An unopened letter, which was mailed in 1697 but never delivered, was read by researchers who developed a way to essentially "unfold" sealed letter packets without ever having to crack the seal.
The new technique, described in the journal Nature Communications, should help historians to learn more about "letter locking," the practice of using intricate slits, folds, creases, and tucks to turn a flat sheet of paper with a written message into a tamper-resistant package.
The "virtual unfolding" of the letter paves the way to a new line of historical research into the centuries-old tradition of letter locking. Experts say that the procedure used to show the text of the letter, which involves a form of imaging called X-ray micro-tomography, may also have applications in healthcare and engineering.
Letter locking an everyday part of life for centuries. "The envelope as we know it, the gummed envelope, wasn't invented until the 1830s," says Jana Dambrogio, a conservator with the Massachusetts Institute of Technology Libraries in Cambridge, Mass. "And so before then, everyone letter locked."
After finding such letters, Dambrogio coined the term "letter locking" while a fellow at the Vatican Secret Archives in 2000. Vatican letters dated back to the 15th and 16th centuries and featured odd slits and corners that had been cut off. Dambrogio discovered that the letters had originally been folded ingeniously, effectively "locked" by slipping a piece of paper through a slit and then covering it with wax. It would not have been possible to open the letter without tearing the slice of paper-proof that the letter had been tampered with.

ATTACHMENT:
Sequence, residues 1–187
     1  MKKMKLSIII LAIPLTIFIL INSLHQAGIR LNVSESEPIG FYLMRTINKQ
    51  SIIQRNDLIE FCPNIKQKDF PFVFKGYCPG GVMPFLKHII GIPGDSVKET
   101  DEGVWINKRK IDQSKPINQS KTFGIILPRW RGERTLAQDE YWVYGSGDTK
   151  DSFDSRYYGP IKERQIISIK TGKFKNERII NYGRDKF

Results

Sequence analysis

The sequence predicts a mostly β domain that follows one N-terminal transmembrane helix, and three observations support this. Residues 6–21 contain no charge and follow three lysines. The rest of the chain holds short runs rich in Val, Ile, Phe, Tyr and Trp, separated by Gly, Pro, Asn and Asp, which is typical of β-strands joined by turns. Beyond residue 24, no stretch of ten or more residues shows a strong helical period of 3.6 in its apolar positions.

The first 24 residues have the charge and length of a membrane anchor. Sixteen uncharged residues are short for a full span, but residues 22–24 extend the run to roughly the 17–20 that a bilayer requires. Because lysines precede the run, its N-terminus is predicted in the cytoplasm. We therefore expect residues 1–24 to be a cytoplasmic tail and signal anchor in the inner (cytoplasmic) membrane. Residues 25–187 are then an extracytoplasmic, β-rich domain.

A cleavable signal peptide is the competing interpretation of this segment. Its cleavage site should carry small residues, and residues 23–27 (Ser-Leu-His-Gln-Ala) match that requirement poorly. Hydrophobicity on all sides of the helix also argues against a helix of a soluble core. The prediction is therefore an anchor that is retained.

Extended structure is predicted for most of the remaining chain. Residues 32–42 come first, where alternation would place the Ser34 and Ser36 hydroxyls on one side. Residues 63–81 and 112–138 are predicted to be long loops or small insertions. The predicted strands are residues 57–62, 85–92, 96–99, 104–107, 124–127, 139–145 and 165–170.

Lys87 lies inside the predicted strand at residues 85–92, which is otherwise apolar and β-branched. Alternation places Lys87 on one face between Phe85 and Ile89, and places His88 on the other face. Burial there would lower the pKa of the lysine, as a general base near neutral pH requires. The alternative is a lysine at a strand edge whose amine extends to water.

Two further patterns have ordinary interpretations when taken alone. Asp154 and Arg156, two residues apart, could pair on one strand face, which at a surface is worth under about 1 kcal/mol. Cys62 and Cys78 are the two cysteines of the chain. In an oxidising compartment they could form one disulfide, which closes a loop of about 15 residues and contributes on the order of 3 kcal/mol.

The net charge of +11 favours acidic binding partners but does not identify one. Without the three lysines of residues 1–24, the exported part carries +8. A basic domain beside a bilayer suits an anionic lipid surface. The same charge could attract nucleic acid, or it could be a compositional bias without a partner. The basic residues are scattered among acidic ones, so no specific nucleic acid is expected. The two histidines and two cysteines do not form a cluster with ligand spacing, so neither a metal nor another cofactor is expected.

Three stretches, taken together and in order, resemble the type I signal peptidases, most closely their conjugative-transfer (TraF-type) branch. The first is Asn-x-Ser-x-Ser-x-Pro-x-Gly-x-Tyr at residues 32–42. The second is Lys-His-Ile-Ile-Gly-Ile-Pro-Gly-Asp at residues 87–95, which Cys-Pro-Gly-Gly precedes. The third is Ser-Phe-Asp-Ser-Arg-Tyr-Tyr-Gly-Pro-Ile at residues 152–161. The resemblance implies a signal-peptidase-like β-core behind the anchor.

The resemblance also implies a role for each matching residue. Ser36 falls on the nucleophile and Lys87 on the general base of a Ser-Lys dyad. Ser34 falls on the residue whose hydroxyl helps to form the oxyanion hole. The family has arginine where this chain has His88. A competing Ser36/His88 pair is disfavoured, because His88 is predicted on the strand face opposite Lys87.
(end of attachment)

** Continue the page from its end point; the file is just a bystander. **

Since then, Dambrogio has been practicing the art of letter locking, also making her own versions to showcase various techniques. The method dates back to the 13th century-at least in Western history-and several various folding and lock methods have evolved over the years.
Queen Elizabeth I, Machiavelli, Galileo Galilei, and Marie Antoinette are among the prominent characters known to have used letter locking for their correspondence.
Researchers conclude the virtual unfolding would have an impact "far beyond," since so many collections around the world hold unopened letters.
For example, the letter from 1587 from Mary, Queen of Scots, to her brother-in-law, King Henry III of France, was locked using the so-called "butterfly lock"-only one of the hundreds of locking methods that Dambrogio had compiled into a letter lock dictionary. Other methods involve a simple triangular fold-and-tuck and an innovative system known as the "dagger-trap," which integrates a booby-trap disguised as another, simpler form of letter lock.
Many unopened letters are awaiting further study, including hundreds in the Prize Papers, a compilation of mail and other materials seized by Britain from enemy ships from the 17th to the 19th centuries.